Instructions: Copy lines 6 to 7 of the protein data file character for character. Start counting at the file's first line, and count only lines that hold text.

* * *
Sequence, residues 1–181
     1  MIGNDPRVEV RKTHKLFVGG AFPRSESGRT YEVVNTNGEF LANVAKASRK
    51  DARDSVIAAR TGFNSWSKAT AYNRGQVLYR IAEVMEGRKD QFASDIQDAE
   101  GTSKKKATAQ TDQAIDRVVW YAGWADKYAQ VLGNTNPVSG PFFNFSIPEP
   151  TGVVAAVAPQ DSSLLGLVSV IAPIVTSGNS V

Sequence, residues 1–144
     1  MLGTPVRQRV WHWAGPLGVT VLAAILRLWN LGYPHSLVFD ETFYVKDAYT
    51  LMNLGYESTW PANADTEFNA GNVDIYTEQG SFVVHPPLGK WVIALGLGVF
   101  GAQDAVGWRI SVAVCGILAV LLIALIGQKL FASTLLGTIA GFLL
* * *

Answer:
Sequence, residues 1–144
     1  MLGTPVRQRV WHWAGPLGVT VLAAILRLWN LGYPHSLVFD ETFYVKDAYT